Hombres Calientes ("The Hot Men") are actually pretty cool. With a spare sound straight out of the Afro-Cuban and jazz traditions, they prove capable of boiling the pot when called upon. They consist of young trumpeter Irvin Mayfield, veteran percussionist Bill Summers, and the youngest member of the Marsalis family, drummer Jason. Bassist David Pulphus, percussionist/vocalist Yvette Bostic-Summers (Bill's wife), and the especially tasteful pianist Victor Atkins III join in for added depth and spice. There are no writing credits on the disc, but it seems that Mayfield wrote or co-wrote eight of the ten tracks, with Summers contributing on eight and Marsalis on four. Though aligned with Wynton Marsalis, Mayfield shows a definite Dizzy Gillespie influence on "Rhumba Para Jason," starting slow and speeding up considerably in the last minute. "Victor el Rojo" is a mid-tempo heater, and an easy version of the jazz standard "After You've Gone" shows Mayfield's feet firmly planted in both cool jazz and Cuban melodicism. The group is at its hottest and most communal on "Rompe Saraguey" and "Irvin's Crisis," which features a stop-start melody reminiscent of Thelonious Monk's "Evidence." Mayfield turns a snippet of a melody into a descarga for "Bill's Q Yvette," and the "Oye Como Va"-like "El Barrio" features Bill Summers on vocals. Atkins really lays his influences on the table for all to hear with the elegant ballad "Stardust," and goes from McCoy Tyner-ish modalism to Eddie Palmieri-style montuno freneticism on "Pulphus' Final Frontier." This is a good first effort, and it seems as if Hombres Calientes are committed to being a living, working band.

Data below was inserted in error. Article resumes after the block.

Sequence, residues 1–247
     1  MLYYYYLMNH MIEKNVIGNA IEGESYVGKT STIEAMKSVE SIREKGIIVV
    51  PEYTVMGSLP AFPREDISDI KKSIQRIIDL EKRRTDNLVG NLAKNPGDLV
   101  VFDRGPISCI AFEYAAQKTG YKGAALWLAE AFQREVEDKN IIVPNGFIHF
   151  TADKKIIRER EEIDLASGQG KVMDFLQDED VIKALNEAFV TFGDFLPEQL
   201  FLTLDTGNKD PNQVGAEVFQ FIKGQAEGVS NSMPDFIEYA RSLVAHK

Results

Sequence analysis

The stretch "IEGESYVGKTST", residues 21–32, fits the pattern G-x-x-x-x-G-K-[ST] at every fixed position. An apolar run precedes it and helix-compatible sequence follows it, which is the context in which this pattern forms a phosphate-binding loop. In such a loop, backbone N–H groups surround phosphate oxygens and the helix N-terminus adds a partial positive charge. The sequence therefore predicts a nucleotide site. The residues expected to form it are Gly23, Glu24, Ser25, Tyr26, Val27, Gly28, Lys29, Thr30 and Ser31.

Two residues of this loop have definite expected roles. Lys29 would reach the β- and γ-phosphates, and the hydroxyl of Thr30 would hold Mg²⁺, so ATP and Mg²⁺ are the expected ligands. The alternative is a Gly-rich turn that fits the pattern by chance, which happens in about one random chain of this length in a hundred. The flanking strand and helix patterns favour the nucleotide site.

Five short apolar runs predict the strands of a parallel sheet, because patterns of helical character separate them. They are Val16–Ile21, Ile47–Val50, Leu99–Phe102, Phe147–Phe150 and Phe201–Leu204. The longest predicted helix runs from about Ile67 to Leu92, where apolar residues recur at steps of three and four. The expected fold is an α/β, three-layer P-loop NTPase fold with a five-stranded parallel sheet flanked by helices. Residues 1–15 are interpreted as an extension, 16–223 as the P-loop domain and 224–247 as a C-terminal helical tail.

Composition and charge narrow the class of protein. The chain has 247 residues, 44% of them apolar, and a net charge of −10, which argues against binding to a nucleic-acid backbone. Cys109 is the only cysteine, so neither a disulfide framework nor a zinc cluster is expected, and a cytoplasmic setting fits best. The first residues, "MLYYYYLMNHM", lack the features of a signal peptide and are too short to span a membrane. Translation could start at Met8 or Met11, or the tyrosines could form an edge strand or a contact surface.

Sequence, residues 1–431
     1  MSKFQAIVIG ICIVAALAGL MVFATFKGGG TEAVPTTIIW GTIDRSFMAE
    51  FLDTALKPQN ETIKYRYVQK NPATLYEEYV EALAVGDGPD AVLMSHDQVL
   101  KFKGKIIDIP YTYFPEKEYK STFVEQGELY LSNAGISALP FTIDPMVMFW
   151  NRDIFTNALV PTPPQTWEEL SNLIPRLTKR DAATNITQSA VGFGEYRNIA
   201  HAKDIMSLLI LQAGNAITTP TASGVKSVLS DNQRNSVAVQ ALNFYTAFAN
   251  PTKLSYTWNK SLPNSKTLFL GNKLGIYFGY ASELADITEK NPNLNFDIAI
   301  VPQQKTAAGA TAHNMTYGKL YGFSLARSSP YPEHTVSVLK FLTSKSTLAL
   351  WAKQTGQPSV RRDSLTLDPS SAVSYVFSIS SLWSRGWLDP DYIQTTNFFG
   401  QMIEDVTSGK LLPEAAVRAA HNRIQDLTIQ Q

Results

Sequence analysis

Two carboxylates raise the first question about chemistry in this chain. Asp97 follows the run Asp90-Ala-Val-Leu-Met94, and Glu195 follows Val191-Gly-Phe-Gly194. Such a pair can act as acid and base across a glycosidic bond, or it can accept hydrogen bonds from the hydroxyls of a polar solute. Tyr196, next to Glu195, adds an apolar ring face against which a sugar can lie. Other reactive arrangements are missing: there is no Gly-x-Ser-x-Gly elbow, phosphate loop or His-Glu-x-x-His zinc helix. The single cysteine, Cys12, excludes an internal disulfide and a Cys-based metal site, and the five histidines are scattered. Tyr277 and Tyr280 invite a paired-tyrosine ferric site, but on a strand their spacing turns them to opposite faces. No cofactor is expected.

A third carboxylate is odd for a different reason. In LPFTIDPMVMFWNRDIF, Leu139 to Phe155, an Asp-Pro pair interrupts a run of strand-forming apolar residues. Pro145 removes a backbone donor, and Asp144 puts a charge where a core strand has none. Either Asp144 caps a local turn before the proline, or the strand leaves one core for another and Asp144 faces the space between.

AllMusic Review by Michael G. Nastos